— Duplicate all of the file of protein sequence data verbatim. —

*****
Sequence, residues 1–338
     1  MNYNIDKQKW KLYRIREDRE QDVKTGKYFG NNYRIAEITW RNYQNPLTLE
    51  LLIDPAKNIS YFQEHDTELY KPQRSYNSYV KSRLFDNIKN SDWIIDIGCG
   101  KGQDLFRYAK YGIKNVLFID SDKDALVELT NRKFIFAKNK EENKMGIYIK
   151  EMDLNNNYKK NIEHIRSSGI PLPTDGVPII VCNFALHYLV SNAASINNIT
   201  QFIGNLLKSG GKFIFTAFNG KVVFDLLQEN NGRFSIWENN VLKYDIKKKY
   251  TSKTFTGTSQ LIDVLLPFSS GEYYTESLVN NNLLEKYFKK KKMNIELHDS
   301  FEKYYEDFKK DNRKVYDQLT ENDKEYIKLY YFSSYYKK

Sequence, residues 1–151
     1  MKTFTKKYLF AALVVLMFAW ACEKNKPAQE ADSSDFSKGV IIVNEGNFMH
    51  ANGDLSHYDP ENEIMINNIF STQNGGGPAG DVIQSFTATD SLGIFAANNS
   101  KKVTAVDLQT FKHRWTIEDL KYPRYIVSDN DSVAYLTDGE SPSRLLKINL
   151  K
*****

Sequence, residues 1–338
     1  MNYNIDKQKW KLYRIREDRE QDVKTGKYFG NNYRIAEITW RNYQNPLTLE
    51  LLIDPAKNIS YFQEHDTELY KPQRSYNSYV KSRLFDNIKN SDWIIDIGCG
   101  KGQDLFRYAK YGIKNVLFID SDKDALVELT NRKFIFAKNK EENKMGIYIK
   151  EMDLNNNYKK NIEHIRSSGI PLPTDGVPII VCNFALHYLV SNAASINNIT
   201  QFIGNLLKSG GKFIFTAFNG KVVFDLLQEN NGRFSIWENN VLKYDIKKKY
   251  TSKTFTGTSQ LIDVLLPFSS GEYYTESLVN NNLLEKYFKK KKMNIELHDS
   301  FEKYYEDFKK DNRKVYDQLT ENDKEYIKLY YFSSYYKK

Sequence, residues 1–151
     1  MKTFTKKYLF AALVVLMFAW ACEKNKPAQE ADSSDFSKGV IIVNEGNFMH
    51  ANGDLSHYDP ENEIMINNIF STQNGGGPAG DVIQSFTATD SLGIFAANNS
   101  KKVTAVDLQT FKHRWTIEDL KYPRYIVSDN DSVAYLTDGE SPSRLLKINL
   151  K